Saturday, December 6, 2008

Some thoughts on the economy

I was saddened to hear the other day that the steel mill in the town I grew up in was being "temporarily" idled due to the current economic conditions. I grew up in Granite City, IL, a small steel town in southern Illinois. When I was a kid, a very large number of people in Granite City, a town with a population of only about 30,000, were employed by the steel mill. My grandfather worked as an electrician at the plant for over 40 years and his father, my great grandfather, had also worked there his entire career. While the plant has been scaled back in recent years, it still employed a lot of people in town and provided significant tax revenue to the city. The impact of this shutdown will have a devastating impact on a city already in decline.



This just brings how bad this economy really is close to home for me. While I don't think things will get anywhere near as bad as they were in the Depression, I don't see any signs of improvement in the near future. I've never been much of an alarmist, but the unemployment numbers released by the Labor Department on Friday were scary, now approaching 7%. As I hear from more and more of my friends and family that have been laid off, I am very grateful to have a job.



Unfortunately, the people in the government that helped get us into this mess are the ones that are still in power. While they are all promising to fix things, the only thing I see them doing is handing out more money to the other people who helped get us into this mess by making poor business decisions, the large corporations and their executives. And just exactly where is the government getting the money to do this? Well, there are only 3 sources: raising taxes, borrowing form foreign countries, or printing more money. Raising taxes only further hurts the American people by taking money out of their pockets and hurts small business by increasing their costs, which gets passed along to consumers. Borrowing from foreign nations only further increases our national debt, which our children will eventually have to pay back. And printing more money further devalues the dollar, causing inflation.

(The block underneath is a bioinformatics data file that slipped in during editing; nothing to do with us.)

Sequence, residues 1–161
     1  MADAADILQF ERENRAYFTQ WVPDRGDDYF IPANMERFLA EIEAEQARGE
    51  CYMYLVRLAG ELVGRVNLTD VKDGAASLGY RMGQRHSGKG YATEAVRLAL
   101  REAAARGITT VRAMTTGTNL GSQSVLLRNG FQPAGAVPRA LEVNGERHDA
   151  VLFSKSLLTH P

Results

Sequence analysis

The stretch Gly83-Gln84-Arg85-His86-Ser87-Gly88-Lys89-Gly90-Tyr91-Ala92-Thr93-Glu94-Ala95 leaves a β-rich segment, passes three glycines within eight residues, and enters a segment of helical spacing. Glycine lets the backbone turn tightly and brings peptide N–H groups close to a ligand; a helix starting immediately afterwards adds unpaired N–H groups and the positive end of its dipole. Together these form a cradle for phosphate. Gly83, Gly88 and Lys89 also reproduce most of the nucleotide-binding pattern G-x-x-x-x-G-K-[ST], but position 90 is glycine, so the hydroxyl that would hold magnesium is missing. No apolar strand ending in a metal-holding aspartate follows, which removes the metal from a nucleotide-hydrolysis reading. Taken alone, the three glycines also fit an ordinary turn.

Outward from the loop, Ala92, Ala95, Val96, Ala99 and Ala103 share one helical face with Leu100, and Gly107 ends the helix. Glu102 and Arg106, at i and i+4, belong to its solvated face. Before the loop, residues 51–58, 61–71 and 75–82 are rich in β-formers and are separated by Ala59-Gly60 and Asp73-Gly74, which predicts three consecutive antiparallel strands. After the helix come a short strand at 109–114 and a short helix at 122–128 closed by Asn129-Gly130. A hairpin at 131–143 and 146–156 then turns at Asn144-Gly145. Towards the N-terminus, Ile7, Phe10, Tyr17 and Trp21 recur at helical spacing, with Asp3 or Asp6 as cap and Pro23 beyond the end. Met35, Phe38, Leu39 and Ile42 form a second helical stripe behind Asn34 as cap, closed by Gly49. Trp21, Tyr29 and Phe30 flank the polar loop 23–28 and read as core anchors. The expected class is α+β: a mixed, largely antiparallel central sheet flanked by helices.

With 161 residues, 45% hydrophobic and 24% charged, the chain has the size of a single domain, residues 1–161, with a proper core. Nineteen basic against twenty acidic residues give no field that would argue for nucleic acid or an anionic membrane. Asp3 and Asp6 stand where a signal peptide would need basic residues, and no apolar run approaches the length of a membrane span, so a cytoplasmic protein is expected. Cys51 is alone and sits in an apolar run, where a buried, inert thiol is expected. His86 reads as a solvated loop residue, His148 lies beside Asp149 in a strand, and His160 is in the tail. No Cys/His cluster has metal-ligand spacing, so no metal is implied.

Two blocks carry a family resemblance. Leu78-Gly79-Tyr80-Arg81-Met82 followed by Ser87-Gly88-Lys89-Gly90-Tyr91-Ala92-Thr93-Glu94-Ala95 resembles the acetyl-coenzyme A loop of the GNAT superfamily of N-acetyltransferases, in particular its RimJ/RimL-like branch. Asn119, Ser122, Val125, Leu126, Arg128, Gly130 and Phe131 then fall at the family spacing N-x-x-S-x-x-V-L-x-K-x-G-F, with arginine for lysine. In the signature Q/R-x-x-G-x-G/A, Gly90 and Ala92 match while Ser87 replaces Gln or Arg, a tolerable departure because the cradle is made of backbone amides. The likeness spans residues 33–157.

While there is not much we can do as individuals to improve the economy, I would encourage all of us that are able to lend a helping hand where we can. Even if it's just in small ways, it can make a big difference in someones life. As we approach the Christmas season, let us not get too focused on all the busyness of the holidays, but instead let us focus on what we can do for others. God gave us the most incredible gift ever given when He gave his son. I pray that we would reflect that gift as we give to others.

God Bless.

1 comment:

Ken Miller said...

Great post, Dave. Missing seeing you Sunday morning...hope you're feeling better.